PSP Investment's Annual Public Meeting 2011

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On Thursday October 20th, PSP Investments (PSP) held its Annual Public Meeting 2011. You can download the Annual Public Meeting presentation for FY2011 and listen to the audio in English or if you prefer, the bilingual version.

Paul Cantor, the Chair of the Board spoke first. He discussed the shift into private markets and the Auditor General of Canada Special Examination Report. Paul was satisfied with the report and said that PSP has the "best nomination process among public and private funds." He commended PSP's past and present board of directors, making a special mention of Bob Baldwin who recently retired from the Board. He also praised PSP's senior management and PSP's 350 employees and PSP's "risk management." Finally, he announced he will be stepping down as Chair of the Board at the end of the current fiscal year (March 31st, 2012).

PSP's President and CEO, Gordon Fyfe, then spoke and went over PSP's Policy Portfolio. The strategy i…

Real Estate Isn't a `Sacred Chalice'?

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Going to watch the Habs vs. Leafs tonight but wanted to post a couple of excellent Bloomberg interviews with Tom Barrack, Chairman of Colony Capital, who discusses the European debt crisis and warns investors that real estate isn't a 'sacred chalice'.

I first discovered Barrack exactly six years ago when I circulated an article among PSP Investment's senior managers, The king of real estate's cashing out:
Tom Barrack, arguably the world's greatest real estate investor, is methodically selling off his U.S. real estate holdings as prices drive the market to nosebleed levels. He likens the current real estate market to a game of polo. "I feel totally safe playing polo on a field full of pros," says the bronzed 58-year old. "But when amateurs are all over the field, someone can get killed. They have more guts than brains. They charge after every ball and don't know when to hold back." It's the same with U.S. real estate ri…

SEC Clamping Down on Large Hedge Funds?

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Jesse Hamilton of Bloomberg Businessweek reports, SEC to Weigh Hedge Fund Rule on Systemic Risk Data Analysis:
Hedge funds and private-equity funds will be asked to deliver “extraordinary amounts” of new data to the U.S. Securities and Exchange Commission under a rule set for a vote next week, said SEC Chairman Mary Schapiro. Under the version of the rule proposed by the SEC on Jan. 26, firms managing more than $1 billion would have to file quarterly information on fund assets, leverage, investment positions, valuation and trading practices on a new Form PF. That added oversight would also come with routine inspections. “We have high hopes for the Form PF data,” Schapiro said today at a Managed Funds Association meeting in New York. The form was a requirement in last year’s Dodd-Frank Act, and Schapiro said the information will help her agency and the Financial Stability Oversight Council “understand where the risks are in the financial system.”The January proposal desc…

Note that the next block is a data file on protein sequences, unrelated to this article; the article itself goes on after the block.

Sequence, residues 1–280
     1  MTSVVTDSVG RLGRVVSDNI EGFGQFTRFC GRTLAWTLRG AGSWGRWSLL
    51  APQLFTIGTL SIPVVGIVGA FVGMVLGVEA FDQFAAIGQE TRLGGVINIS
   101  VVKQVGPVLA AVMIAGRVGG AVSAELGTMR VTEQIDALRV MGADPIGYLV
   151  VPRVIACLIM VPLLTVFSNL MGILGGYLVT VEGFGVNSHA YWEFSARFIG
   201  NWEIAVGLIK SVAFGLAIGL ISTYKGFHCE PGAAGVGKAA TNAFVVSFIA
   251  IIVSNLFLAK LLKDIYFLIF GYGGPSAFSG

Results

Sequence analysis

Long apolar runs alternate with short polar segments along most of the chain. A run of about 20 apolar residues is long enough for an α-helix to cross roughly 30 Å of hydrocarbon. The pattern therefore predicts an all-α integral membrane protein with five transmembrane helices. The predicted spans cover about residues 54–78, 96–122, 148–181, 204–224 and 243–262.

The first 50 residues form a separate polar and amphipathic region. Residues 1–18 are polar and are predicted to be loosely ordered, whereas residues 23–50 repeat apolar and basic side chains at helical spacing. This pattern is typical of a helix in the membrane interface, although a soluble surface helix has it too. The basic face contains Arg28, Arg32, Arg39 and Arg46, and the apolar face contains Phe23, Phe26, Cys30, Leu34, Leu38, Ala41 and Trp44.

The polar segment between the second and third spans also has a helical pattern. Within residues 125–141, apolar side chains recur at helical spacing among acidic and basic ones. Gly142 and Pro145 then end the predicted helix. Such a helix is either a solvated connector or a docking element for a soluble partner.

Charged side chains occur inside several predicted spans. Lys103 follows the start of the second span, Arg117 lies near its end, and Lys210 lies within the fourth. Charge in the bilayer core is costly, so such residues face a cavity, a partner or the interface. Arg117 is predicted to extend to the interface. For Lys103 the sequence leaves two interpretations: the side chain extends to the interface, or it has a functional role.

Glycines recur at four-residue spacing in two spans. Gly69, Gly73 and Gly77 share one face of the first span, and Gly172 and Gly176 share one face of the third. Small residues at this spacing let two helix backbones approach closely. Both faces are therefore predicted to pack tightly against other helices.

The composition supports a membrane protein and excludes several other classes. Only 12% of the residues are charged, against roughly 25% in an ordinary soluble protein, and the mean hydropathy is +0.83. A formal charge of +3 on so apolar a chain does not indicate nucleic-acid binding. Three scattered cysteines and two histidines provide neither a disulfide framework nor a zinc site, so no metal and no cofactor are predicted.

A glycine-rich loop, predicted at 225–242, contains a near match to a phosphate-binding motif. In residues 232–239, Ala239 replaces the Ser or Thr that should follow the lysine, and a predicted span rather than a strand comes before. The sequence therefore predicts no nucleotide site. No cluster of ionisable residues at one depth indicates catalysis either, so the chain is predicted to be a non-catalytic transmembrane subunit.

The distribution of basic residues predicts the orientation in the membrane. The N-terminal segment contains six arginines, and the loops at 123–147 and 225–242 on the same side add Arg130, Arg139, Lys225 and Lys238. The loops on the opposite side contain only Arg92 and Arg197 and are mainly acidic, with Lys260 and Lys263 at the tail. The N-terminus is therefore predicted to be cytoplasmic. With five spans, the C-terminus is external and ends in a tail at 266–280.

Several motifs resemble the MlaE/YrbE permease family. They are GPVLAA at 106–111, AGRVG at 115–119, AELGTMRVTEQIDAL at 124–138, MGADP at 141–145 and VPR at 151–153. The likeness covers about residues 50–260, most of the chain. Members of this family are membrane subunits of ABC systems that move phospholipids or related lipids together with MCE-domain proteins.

Options for the Upcoming EU Council?

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Andreas Koutras was kind enough to send me his latest InTouch Capital Markets' report,Options for the upcoming EU council:
Another Eurogroup- another opportunity for rumours scaremongering and good volatility. Merkozy initially said that by the 23rd of October a comprehensive solution would be presented that includes Greece and the rest of Europe. Later the Germans dampened the optimism and suggested a more sober approach. Lets see then what is on the table and what solutions the market participants are discussing.
Bazooka option for Europe The agreement signed on the 21st July with Greece. PSI, etc.Recapitalization of European BanksEFSF leverageFaster implementation of ESMEurobonds or measures towards fiscal Union.The ECB Bazooka Option

The original idea of the Bazooka option was for the ECB to start buying bonds of the European periphery once they hit a certain yield (say 5%). There are many reasons why the ECB refused to go down such a road and here at ITC we have written on i…